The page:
Microchannel Plates Information


Microchannel plates (MCP) use separate channels to detect particles and radiation. Electrons, ions, ultraviolet radiation, and x-rays are detected with spatial resolution by many channels of electron multipliers performing secondary emission to intensify detection signals. Applications for microchannel plates include mass spectrometry, high energy physics, remote detection, image intensification, space science, and surface science.

 microchannel plates selection guide



Microchannel plates have millions of independent channels of tiny glass capillaries fused together into a two-dimensional array, forming a honeycomb-like structure. This wafer has a thin metal electrode deposited on its input and output surfaces to electrically connect each channel in parallel.


A particle colliding with the microchannel plate enters a single channel and hits the channel wall, generating a secondary electron which is accelerated by an electric field produced by a voltage across both sides of the plate. The secondary electron spawns more electrons as it strikes the channel wall, ultimately resulting in thousands of electrons exiting the back of the plate.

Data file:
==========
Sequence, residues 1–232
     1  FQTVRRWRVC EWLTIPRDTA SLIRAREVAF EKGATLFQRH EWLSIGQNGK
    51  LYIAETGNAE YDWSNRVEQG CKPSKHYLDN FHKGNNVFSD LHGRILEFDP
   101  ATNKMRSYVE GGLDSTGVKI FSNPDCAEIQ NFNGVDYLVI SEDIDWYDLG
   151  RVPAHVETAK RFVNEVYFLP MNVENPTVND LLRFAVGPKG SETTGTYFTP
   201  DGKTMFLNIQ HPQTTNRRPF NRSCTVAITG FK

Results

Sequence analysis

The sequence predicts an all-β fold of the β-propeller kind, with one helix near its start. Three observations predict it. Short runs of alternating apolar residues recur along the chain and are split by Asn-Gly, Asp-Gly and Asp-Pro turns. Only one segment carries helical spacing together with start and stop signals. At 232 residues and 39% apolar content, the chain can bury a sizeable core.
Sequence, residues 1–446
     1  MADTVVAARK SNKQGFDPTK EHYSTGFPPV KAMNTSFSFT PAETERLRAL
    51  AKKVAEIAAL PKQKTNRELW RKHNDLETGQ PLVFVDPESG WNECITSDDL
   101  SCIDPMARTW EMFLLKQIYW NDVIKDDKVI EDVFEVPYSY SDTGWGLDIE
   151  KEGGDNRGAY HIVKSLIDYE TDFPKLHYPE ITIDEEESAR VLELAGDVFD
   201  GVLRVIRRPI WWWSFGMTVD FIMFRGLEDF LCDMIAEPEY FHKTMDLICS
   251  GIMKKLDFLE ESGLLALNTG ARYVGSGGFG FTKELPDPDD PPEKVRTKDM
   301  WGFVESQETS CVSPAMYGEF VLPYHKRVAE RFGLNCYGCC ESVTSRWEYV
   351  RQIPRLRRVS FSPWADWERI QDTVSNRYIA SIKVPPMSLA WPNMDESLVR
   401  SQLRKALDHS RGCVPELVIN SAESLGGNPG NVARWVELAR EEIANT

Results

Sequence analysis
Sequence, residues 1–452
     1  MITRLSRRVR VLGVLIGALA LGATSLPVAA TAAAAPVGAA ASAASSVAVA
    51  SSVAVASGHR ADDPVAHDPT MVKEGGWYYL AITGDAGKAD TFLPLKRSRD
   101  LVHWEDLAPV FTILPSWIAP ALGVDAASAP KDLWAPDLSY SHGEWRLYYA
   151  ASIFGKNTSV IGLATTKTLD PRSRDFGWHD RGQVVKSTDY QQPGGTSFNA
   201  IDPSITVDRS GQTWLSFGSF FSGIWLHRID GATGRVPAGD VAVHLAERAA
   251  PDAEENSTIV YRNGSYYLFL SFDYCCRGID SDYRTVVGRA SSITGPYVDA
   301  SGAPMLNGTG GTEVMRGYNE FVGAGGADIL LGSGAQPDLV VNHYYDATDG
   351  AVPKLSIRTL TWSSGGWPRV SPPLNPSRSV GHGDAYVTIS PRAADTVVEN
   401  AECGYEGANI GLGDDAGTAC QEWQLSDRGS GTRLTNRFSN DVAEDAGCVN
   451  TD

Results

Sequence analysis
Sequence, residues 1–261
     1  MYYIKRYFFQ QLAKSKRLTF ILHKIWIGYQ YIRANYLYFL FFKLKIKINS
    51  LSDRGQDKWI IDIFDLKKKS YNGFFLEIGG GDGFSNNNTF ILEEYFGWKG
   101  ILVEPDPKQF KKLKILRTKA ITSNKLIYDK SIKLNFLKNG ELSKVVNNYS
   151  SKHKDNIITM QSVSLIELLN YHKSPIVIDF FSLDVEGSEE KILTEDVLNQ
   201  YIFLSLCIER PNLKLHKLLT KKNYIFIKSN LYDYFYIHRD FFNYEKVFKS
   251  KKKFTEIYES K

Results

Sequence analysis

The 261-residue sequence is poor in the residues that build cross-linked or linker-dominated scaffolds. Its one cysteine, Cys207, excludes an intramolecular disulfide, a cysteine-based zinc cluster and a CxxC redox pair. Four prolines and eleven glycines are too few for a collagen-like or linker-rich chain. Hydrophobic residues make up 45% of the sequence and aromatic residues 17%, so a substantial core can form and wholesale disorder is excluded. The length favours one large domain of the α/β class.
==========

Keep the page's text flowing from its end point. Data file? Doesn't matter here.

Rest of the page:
The output of each individual channel is collected by anodes, phosphor screens on a fiber optic, or other methods in order to assemble the final spatial pattern image.




Various types of coatings cover each surface of the microchannel plate to form an electrode. These coatings include nickel chromium (NiCr), cesium iodide (CsI), copper iodide (CuI), magnesium fluoride (MgF2), potassium bromide (KBr), and gold (Au). CsI, CuI, and MgF2 improve detection in the ultraviolet spectrum, while MgO enhances detection of electrons. KBr improves detection of soft x-rays in the 0.2 to 9 keV range, and Au electrodes allow for rapid charge replenishment.



   microchannel plates selection guide

The following specifications are important when selecting a microchannel plate:


  • Pore size (microns)—Pore size indicates the size of each individual channel on the plate. A smaller pore size results in higher spatial and temporal resolution of the image.
  • Bias angle (degrees)—The angle between the channel and the surface normal. A bias angle is present so that incident particles do not pass directly through a channel without generating secondary electrons.  Values of 5° to 15° are typical.
  • Aspect ratio (thickness : channel diameter)—Aspect ratio describes the ratio of the channel length to the channel diameter. Typical values range from 40:1 to 80:1. Values around 40:1 provide good performance for imaging applications, while higher ratios are preferred for detection applications. Higher ratios also result in thicker plates with more mechanical robustness.




Del Mar Photonics—Microchannel Plates 

Photonis—Microchannel Plates Selection Guide (.pdf)


Image credits:

Hamamatsu Photonics K.K. | PHOTONIS 

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